People in Europe are currently suffering through one of the worst heatwaves in the region’s history. The rising temperatures have caused several deaths and forced people to stay indoors.
“Heatwaves occur across northern Europe when high atmospheric pressure draws up hot air from northern Africa, Portugal, and Spain, raising temperatures and increasing humidity. In this instance, the exceptionally hot air has come from the Sahara… [Heatwaves] are being amplified by a rise in global temperatures and are likely to become more frequent — one of the more predictable impacts of our warming climate,” according to BBC.
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In Germany, temperatures are closing in on 104°F. Authorities have restricted driving speed in some areas to 72 mph since road surfaces have begun to show signs of deterioration. In Rostock, some rail tracks have buckled. In Spain, hot conditions triggered a forest fire in the region of Catalonia. Almost 6,000 acres of land was destroyed. In Poland, 90 people drowned while trying to get relief from the heat in lakes or rivers. In Denmark, a weather station reported a tropical night, meaning that the temperature did not fall below 68°F for the night. This is the earliest tropical night recorded in Denmark in 19 years.
In France, temperatures in some regions exceeded 104°F. Schools have been shut down in some parts of the country. Older cars have been banned from entering certain cities in a bid to cut down pollution. Health minister Agnes Buzyn has asked retirement homes and hospitals to be on high alert. The heatwave of last summer caused 1,500 deaths in the July-August period. Parents have been advised to keep their children from playing outside, since increased exposure could lead to dehydration and heatstroke.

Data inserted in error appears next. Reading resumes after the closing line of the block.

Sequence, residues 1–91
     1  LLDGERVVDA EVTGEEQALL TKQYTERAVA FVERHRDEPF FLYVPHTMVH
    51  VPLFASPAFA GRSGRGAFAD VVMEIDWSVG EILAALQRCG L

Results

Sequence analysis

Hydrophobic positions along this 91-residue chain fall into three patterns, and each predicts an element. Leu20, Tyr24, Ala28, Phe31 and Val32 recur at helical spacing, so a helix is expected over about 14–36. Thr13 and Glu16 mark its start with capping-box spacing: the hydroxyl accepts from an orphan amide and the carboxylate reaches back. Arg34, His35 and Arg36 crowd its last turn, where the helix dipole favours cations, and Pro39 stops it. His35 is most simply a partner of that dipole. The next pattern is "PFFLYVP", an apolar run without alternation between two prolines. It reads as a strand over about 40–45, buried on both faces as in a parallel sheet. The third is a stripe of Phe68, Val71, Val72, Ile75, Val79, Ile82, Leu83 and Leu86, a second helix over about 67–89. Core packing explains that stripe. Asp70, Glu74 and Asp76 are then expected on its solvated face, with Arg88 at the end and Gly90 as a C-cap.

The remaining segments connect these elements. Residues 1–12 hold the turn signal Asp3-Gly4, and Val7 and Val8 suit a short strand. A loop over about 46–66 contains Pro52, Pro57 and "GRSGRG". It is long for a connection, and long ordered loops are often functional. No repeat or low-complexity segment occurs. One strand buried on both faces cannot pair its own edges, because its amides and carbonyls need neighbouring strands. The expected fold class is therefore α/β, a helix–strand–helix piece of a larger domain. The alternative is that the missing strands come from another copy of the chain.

French news station LCI warned that temperatures in the coming days will be higher than average by up to 30°F. “We’re talking about an exceptional, even unprecedented heatwave… Temperatures are going to be near 104°F for most of the country and because it’s arriving at a particularly humid time of the year, it feels particularly unpleasant,” Guillaume Woznica, a meteorologist at LCI, said to Time. Since 1500, the top five warmest summers in Europe have all been recorded in the last 20 years.
The hot temperatures have also started affecting the wine industry in France. Workers have been asked to start their jobs early in the day. In some places, vineyard workers begin work as early as 5 a.m. and end their shift by midday.
“Members of my team in the vineyards have to start very early in the morning before dawn and need to finish before noon before the heat becomes unbearable… A heatwave later in the season — in July, but especially in August — is more problematic as it creates the possibility of water stress, as well as l’échaudage des raisins, where the grapes are scorched by the sun,” Antoine Malassagne, co-owner at Champagne AR Lenoble, said to Decanter.
If the hot weather continues, soil in some regions of France’s vineyards could dry up. This can trigger the vines to start dying from the tips of their leaves or roots backward and end up affecting the production of wine. On the plus side, the heatwave could potentially reduce the risk of diseases in the vineyard.